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Wings Over Wick
A Botham, Winnipeg, Manitoba
While we Canadians were accustomed to having lots of snow during winter, I recall it was rather unusual, at least for me, to have even a brief period of snow during the summer in Wick. You might say that it happens quite often. Having brought my bicycle with me, I remember very well riding it to John O' Groats for the fun of it.
Prior to our crew of six being sent to Wick, we were stationed at a base called Chivenor (near Barnstaple). Our airplane, a "Leigh light" Wellington, was often nicknamed "Wimpy" and had a large search light built into the body. I think it was about a million-candle power and could be lowered to light up the water surface, but only for a very short period of time. We did fly at relatively low altitudes (1500 to 2000 feet) and were of course subject to air turbulence.
Our radar search equipment was the best available during the war, for it did in fact take over control of the aircraft, with the Captain's approval of course, if a blip appeared on the screen. The radar would control the descent, open the bomb doors and drop the depth charges. The Captain could abort all radar control at any time. Most flights were between 10 and 12 hours in length.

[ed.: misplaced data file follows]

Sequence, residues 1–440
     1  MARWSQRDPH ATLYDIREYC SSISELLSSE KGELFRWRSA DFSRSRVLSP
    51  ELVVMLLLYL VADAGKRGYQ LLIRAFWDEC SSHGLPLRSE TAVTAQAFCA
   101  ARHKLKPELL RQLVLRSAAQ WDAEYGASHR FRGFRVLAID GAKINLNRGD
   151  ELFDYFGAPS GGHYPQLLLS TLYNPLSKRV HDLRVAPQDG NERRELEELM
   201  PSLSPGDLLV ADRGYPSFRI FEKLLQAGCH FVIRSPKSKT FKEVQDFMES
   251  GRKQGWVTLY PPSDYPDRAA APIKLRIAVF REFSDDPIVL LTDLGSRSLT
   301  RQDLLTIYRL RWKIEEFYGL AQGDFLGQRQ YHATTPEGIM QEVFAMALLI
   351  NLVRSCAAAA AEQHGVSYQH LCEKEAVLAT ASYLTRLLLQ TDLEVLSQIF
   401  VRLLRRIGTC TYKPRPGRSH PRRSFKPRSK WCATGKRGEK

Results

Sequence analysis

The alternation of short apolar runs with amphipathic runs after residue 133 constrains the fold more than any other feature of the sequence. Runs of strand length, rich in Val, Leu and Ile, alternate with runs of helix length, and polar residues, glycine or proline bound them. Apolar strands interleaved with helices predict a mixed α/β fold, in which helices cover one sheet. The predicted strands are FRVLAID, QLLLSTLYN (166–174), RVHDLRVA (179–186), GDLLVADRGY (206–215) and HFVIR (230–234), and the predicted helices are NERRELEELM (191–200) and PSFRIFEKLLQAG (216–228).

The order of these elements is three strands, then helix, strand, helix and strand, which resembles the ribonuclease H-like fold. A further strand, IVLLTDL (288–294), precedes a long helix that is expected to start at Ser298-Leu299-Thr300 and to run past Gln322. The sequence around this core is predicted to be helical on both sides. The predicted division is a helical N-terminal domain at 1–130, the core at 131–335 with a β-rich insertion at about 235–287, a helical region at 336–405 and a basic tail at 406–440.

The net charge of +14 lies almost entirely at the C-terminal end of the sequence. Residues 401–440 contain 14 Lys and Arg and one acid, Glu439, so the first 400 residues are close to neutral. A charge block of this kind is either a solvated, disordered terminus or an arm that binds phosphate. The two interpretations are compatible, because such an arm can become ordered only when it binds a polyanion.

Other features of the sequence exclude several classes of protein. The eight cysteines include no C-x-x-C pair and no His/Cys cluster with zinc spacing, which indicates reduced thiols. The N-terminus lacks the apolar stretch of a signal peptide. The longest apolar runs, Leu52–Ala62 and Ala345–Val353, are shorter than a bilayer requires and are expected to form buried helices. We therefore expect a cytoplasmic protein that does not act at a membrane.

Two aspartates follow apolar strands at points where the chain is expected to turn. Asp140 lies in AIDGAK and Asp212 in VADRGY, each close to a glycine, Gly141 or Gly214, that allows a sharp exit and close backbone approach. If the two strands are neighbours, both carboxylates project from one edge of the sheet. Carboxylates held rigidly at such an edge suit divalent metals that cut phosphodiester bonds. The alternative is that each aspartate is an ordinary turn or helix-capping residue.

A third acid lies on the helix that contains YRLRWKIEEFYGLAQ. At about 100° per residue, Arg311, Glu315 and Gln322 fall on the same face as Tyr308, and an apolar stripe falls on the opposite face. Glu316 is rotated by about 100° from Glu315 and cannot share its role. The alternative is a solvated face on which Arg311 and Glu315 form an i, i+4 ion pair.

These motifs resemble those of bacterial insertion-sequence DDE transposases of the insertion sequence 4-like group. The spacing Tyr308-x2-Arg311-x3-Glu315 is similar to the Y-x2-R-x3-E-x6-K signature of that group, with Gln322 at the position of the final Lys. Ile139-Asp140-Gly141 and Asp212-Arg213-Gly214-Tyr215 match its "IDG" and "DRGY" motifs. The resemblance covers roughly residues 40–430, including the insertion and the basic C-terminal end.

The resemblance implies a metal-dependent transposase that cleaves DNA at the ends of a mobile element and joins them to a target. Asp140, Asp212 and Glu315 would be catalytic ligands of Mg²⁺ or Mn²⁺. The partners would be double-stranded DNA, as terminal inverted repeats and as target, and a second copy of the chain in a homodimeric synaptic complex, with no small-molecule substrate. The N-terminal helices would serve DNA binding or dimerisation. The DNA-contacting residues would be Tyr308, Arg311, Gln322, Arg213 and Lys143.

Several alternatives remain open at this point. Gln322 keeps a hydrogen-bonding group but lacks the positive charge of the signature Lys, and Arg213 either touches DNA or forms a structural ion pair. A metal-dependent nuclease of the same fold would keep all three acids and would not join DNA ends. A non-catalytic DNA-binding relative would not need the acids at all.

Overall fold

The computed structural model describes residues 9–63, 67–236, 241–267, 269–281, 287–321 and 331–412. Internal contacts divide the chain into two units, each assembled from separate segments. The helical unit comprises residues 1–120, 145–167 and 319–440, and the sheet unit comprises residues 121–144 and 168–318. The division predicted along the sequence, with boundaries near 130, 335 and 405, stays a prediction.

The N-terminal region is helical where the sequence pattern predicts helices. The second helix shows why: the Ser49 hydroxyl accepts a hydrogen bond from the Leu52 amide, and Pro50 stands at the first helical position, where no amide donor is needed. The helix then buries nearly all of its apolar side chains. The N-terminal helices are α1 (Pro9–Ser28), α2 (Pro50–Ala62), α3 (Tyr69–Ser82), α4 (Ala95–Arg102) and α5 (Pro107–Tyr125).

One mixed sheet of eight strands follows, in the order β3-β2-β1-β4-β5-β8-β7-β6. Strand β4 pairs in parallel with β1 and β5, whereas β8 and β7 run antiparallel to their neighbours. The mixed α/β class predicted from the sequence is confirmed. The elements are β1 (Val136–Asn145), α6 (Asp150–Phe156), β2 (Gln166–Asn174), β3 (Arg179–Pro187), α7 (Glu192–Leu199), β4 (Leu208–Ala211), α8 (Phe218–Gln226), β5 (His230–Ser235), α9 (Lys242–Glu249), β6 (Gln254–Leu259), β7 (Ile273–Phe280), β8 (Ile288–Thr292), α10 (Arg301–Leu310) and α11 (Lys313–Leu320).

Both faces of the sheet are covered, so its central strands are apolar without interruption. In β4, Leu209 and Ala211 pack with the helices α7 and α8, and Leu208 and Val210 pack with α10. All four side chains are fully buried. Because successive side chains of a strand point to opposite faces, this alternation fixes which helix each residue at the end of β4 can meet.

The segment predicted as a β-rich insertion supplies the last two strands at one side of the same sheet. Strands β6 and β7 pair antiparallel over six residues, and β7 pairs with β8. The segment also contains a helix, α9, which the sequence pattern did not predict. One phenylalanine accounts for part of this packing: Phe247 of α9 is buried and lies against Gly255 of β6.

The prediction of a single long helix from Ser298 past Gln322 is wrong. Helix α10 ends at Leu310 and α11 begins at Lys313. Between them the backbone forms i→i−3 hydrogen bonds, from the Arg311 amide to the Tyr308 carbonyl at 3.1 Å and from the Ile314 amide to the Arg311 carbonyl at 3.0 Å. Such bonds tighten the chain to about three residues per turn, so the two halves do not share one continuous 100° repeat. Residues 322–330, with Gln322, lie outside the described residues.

Before we were at Wick, and perhaps a reason for our crew being sent there, another aircraft flown by Flt Lt David E Hornell (Canadian) flying from Wick, had been shot down by gunfire from a U-Boat (June 1944). The submarine was however sunk by the depth charges dropped from Hornell's aircraft. Flt Lt Hornell died as a result of this action and was posthumously awarded the Victoria Cross. He is buried in Lerwick Cemetery.